The Insecurely Attached Adult

by Dan O'Mahony


The Insecurely Attached Adult


Attachment is a solid emotional bond between an infant and their caregiver. All children innately attach “Attachment behaviour refers to any of the various forms of behaviour that a child commonly engages in to attain and/or maintain proximity” (Bowlby, 1969, p.37) it is crucial in the development of one’s personality and impacts one’s adult relationships. 


How does the ambivalence, avoidance, disorganisation, and the miss attuned present in adulthood? Firstly, I would like to discuss the general characteristics of the insecurely attached adults, before solely focussing on this personality attributes in effect of one’s intimate relationships.

According to Collins and Read In one of the first systematic studies of attachment style differences in mental representations of others, reported that anxiously attached people were more likely to believe that others are difficult to understand and that they have little control over their lives (as cited in Mikulincer & Shaver, 2018, p.173).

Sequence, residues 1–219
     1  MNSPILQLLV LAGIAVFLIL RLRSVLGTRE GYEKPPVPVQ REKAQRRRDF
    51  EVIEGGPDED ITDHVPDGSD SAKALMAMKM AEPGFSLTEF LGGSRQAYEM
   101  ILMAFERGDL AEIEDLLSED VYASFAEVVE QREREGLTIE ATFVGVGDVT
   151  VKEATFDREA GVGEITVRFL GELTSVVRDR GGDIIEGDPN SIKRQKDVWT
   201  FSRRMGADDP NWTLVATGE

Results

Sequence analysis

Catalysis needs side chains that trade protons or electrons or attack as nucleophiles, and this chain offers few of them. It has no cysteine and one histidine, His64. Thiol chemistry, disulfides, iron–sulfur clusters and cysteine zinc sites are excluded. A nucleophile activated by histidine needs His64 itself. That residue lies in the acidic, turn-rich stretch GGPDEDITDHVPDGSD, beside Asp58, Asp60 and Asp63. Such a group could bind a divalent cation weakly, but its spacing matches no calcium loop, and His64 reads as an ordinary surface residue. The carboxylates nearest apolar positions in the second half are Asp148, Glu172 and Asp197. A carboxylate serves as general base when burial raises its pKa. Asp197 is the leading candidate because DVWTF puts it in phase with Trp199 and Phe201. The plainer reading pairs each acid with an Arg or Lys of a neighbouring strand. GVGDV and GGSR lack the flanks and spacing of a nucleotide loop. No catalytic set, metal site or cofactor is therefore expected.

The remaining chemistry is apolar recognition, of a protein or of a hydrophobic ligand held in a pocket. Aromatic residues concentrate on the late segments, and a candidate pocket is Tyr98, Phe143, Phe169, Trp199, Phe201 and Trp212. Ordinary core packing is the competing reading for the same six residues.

The Avoidant Adult 

The title of this adult attachment style is very much self-explanatory. This type of attached adult portrays an emotional distance. There is an unwillingness and mistrust in sharing deep aspects of oneself, one is extremely guarded and uncomfortable discussing feelings and emotions. There is almost a disconnection to oneself, devoting very little emotion to social and particularly romantic relationships. This adult will remain very much removed from one’s experience in infancy. One will adapt this defence mechanism in total avoidance of feeling the experience of the caregiver/attached figure “The attachment system is generally kept in a relatively deactivated state. In their behaviour and talk they direct attention away from anything that might threaten or distress” (Howe, 2011, p.107). There is a tough exterior facade to compensate for the internal feelings that one will not acknowledge to oneself.